Departures: Japan's Oscar Winner


Japan's Oscar Winner


In “Departures,” Yojiro Takita's eccentric, movingly funny, and lushly scored black comedy, a failed cellist decides to connect with his inner undertaker, his rural hometown and his newly deceased father. Takita offers a serio-comic look at life, death and forgiveness through the work of a man who accidentally becomes a “nokanshi,” a man who ceremonially prepares corpses for burial.

Eiren, the Motion Picture Producers' Association of Japan, has selected drama “Departures” as Japan's official contender for the Foreign Language Oscar.  The movie is on a short list of nine contenders for this prestigious and influential award, of which five will be nominated on January 22, 2009.  Meanwhile, “Departures” has won the audience award at the 2009 Palm Springs Film Fest, which speaks well of its potential commercial appeal outside Japan and other Asian countries.

Earlier, the picture was awarded the Grand Prix des Ameriques at this year's Montreal World Film Festival and has impressed Japanese critics following its September 13 opening by the Shochiku distribution company.

Masahiro Motoki stars as Daigo, an out-of-work cellist who, crushed at the breakup of his Tokyo orchestra, retreats to his picturesque northern Japan hometown to find his true calling.  His first bold, life-changing move is to become a “nokanshi,” a professional who ritually washes and clothes bodies prior to the funeral.  While this unusual change of career gives Daigo a new purpose in life, it creates conflict with his young wife Mika (Ryoko Hirosue) and others around him.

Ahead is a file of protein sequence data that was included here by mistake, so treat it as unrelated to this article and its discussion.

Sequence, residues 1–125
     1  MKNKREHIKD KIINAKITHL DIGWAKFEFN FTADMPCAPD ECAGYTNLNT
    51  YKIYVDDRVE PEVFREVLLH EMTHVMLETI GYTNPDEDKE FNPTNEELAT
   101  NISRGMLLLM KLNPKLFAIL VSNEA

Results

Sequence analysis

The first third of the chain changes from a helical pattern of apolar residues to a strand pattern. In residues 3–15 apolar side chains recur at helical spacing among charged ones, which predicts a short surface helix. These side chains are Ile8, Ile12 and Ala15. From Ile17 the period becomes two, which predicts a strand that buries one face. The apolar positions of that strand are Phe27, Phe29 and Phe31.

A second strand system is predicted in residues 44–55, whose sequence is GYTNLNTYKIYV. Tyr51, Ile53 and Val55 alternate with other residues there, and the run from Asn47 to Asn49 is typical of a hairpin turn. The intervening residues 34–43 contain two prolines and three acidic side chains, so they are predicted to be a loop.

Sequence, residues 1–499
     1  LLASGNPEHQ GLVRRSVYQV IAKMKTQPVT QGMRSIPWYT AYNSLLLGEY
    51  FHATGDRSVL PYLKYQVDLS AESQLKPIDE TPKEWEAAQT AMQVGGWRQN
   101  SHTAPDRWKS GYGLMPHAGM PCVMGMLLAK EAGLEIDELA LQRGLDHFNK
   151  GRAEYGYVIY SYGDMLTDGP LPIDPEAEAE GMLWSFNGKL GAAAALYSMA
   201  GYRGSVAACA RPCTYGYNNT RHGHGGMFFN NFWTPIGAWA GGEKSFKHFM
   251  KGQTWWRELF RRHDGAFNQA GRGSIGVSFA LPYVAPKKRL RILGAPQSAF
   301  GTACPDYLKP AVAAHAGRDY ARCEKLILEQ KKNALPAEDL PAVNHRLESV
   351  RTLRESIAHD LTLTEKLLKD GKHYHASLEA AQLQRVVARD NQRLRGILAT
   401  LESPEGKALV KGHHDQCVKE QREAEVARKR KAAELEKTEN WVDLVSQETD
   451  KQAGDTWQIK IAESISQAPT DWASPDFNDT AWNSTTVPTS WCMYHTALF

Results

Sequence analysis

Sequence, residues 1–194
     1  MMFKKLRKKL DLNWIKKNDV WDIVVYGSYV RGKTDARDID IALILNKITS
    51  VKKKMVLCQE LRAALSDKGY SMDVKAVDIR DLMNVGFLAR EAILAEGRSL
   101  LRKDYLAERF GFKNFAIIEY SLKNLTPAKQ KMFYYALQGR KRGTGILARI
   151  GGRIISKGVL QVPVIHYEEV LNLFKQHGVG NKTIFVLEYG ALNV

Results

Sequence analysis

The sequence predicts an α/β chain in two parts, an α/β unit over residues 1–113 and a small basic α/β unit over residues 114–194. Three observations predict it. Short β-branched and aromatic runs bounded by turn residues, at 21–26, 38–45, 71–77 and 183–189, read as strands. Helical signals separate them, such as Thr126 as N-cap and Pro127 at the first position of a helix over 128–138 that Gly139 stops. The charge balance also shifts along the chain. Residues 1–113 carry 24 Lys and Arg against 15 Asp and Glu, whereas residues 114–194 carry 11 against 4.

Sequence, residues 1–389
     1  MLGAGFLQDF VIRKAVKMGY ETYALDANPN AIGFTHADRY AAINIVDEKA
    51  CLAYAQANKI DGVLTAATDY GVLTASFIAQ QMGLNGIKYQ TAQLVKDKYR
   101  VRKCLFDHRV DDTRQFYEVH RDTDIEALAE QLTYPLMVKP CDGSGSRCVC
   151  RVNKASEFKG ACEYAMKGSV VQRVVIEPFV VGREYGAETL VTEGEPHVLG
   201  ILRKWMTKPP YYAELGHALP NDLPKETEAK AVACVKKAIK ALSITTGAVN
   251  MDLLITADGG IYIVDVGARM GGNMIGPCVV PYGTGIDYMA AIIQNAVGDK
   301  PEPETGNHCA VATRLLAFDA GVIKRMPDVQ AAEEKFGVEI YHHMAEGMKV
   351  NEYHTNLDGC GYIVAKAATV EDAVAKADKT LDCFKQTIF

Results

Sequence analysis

Some context is in order.  In Japan, the job of “nokanshi” is an unusual one, as working closely with death has the connotation of high regard.  Here is what the director said about his goal: “I wanted to make a film from the perspective of a person who deals with something so universal and yet is looked down upon, and even discriminated against. Other than doctors, very few people have much to do with dead bodies, and it's not the kind of occupation or subject that often appears in movies. There's always a kind of dialogue between people who have passed away and the families that survive them, and that's part of what I wanted to focus on.”

“Departures” was shot on location in Yamagata prefecture from March to May during the changing of the seasons.   It's noteworthy that most of Japan's rural regional areas are in decline, with people moving away and old ways being lost.  But director Takita finds warmth and humanity despite the surrounding decay.  

Arguably, the film's most poignant scenes revolve around food, emphasizing the direct relationship between eating, living, and other kinds of desires.
Though dealing with death and other dark themes, the overall approach is upbeat and the tone eccentric, based on the director's philosophy that “most humans are comical by nature.”



Director: Yojiro Takita
Producer: Toshiaki Nakasawa, Toshihisa Watai
Editor: Akimasa Kawashima
Screenwriter: Kundo Koyama
Cinematographer: Takeshi Hamada
Music: Joe Hisaishi
Running Time: 131 Minutes

Cast: Masahiro Motoki Tsutomu Yamazaki, Ryoko Hirosue, Kimiko Yo, Takashi Sasano

Takita's Filmography:

The Battery (2007)

Ashura (2005)

When the Last Sword is Drawn (2003)

The Secret (1999)